Clinical Relevance of Domain-Specific Phospholipase A 2 Receptor 1 Antibody Levels in Patients with Membranous Nephropathy

Linda Reinhard, Gunther Zahner, Stephan Menzel, Friedrich Koch-Nolte, Rolf A K Stahl, Elion Hoxha
Journal of the American Society of Nephrology: JASN 2020, 31 (1): 197-207

BACKGROUND: Antibodies against phospholipase A2 receptor 1 (PLA2 R1) are found in 80% of patients with membranous nephropathy, and previous studies described three autoantibody-targeted PLA2 R1 epitope regions. Although anti-PLA2 R1 antibody levels are closely associated with treatment response and disease prognosis, the clinical role of epitope regions targeted by autoantibodies is unclear.

METHODS: In a prospective cohort of 150 patients with newly diagnosed PLA2 R1-associated membranous nephropathy, we investigated the clinical role of epitope-recognition patterns and domain-specific PLA2 R1 antibody levels by western blot and ELISA.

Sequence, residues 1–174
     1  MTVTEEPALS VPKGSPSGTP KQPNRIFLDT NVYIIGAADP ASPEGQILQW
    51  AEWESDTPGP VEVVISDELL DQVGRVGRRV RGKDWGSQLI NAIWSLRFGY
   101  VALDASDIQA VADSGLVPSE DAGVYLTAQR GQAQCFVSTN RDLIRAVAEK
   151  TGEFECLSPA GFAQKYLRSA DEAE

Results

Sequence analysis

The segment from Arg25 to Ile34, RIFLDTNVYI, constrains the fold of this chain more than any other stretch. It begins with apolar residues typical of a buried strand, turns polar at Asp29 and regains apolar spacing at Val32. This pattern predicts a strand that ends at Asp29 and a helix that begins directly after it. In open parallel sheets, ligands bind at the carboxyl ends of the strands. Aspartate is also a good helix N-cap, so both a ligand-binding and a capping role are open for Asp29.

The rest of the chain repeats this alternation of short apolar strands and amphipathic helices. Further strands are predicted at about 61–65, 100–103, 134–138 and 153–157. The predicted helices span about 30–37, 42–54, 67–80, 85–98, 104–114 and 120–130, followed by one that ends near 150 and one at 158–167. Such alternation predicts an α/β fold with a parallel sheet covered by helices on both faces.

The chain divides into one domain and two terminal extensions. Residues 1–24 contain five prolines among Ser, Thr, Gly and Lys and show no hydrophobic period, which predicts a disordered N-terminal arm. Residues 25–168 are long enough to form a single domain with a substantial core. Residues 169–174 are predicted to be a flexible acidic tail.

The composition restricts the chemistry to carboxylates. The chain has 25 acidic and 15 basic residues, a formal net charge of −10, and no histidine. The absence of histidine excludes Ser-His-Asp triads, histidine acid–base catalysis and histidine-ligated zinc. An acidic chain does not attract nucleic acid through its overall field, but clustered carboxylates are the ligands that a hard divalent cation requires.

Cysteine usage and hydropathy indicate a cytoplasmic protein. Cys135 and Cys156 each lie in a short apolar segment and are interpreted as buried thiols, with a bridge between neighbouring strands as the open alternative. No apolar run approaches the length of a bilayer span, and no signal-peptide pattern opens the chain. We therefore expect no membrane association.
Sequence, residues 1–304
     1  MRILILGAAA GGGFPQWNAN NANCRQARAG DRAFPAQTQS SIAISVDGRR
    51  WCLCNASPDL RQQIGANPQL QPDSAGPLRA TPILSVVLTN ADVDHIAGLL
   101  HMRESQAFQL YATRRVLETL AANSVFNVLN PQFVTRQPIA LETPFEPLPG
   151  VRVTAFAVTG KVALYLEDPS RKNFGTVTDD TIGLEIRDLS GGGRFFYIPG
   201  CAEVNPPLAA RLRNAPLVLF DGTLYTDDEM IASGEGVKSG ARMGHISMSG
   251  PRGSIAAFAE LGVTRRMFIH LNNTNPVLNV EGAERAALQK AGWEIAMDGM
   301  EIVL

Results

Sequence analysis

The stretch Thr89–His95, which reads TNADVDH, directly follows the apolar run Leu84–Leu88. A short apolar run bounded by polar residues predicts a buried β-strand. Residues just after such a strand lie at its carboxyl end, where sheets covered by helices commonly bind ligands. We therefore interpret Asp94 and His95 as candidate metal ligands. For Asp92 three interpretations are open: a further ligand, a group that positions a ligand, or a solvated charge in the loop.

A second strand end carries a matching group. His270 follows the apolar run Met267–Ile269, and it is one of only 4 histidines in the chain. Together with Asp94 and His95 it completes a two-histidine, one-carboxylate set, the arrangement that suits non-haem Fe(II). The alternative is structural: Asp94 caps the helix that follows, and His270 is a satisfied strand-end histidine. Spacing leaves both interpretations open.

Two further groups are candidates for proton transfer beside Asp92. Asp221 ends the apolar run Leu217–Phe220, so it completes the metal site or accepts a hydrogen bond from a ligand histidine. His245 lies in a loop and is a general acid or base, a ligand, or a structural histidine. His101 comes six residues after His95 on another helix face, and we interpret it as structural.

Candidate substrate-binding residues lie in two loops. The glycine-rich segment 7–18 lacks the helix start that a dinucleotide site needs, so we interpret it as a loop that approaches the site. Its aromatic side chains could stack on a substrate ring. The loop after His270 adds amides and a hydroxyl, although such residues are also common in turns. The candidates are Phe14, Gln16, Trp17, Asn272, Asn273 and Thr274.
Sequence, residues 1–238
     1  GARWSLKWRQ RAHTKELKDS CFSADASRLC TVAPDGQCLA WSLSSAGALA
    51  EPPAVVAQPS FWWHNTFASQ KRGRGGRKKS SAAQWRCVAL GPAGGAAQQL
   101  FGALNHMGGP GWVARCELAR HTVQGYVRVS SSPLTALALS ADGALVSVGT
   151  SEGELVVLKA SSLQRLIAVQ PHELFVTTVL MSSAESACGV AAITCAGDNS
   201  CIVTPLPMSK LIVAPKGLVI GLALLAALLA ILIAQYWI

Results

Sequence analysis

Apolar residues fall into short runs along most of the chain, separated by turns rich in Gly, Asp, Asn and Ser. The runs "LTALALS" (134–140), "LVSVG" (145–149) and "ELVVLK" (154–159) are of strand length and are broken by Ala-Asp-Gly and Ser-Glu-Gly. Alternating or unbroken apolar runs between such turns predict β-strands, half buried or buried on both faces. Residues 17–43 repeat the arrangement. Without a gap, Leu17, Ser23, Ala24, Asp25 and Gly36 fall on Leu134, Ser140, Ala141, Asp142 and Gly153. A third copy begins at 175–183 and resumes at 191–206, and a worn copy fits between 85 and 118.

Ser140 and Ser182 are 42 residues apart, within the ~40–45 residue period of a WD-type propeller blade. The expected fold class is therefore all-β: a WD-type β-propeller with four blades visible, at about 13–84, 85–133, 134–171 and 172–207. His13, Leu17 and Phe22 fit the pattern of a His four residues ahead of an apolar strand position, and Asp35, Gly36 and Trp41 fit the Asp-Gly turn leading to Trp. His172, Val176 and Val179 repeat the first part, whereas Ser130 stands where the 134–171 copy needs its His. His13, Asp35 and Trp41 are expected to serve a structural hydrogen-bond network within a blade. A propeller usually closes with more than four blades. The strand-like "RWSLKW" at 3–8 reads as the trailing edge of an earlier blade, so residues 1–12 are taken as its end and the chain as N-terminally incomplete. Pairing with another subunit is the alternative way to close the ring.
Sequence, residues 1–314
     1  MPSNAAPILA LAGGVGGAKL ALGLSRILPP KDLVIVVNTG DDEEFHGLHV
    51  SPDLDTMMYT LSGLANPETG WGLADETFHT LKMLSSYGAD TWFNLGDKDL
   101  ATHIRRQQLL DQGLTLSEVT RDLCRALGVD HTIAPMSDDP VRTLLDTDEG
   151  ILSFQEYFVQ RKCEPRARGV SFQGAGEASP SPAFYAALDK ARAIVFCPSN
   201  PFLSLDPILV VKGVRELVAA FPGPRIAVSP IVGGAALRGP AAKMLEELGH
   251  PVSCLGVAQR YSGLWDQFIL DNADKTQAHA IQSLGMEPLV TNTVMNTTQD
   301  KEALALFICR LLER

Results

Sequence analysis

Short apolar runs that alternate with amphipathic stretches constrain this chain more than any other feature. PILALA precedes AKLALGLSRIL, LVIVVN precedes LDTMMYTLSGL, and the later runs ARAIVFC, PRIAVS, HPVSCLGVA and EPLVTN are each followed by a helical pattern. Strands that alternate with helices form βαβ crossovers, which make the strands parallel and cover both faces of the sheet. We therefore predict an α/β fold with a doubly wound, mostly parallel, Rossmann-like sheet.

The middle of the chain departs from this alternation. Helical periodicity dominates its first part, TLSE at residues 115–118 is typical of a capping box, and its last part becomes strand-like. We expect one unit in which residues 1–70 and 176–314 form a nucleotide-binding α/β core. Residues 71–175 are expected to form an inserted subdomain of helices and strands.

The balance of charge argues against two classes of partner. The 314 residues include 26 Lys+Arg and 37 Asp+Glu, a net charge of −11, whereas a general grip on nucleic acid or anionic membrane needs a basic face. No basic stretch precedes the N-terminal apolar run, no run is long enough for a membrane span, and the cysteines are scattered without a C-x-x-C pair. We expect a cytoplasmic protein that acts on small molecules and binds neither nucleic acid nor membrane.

RESULTS: We identified a fourth epitope region in the CTLD8 domain of PLA2 R1, which was recognized by anti-PLA2 R1 antibodies in 24 (16.0%) patients. In all study patients, anti-PLA2 R1 antibodies bound both the N-terminal (CysR-FnII-CTLD1) region and the C-terminal (CTLD7-CTLD8) region of PLA2 R1 at study enrollment. The total anti-PLA2 R1 antibody levels of patients determined detection of domain-specific PLA2 R1 antibodies, and thereby epitope-recognition patterns. A remission of proteinuria occurred in 133 (89%) patients and was not dependent on the domain-recognition profiles. A newly developed ELISA showed that domain-specific PLA2 R1 antibody levels targeting CysR, CTLD1, and CTLD7 strongly correlate with the total anti-PLA2 R1 antibody level (Spearman's rho, 0.95, 0.64, and 0.40; P <0.001, P <0.001, and P =0.002, respectively) but do not predict disease outcome independently of total anti-PLA2 R1 antibody levels.

CONCLUSIONS: All patients with PLA2 R1-associated membranous nephropathy recognize at least two epitope regions in the N- and C-terminals of PLA2 R1 at diagnosis, contradicting the hypothesis that PLA2 R1 "epitope spreading" determines the prognosis of membranous nephropathy. Total anti-PLA2 R1 antibody levels, but not the epitope-recognition profiles at the time of diagnosis, are relevant for the clinical outcome of patients with this disease.

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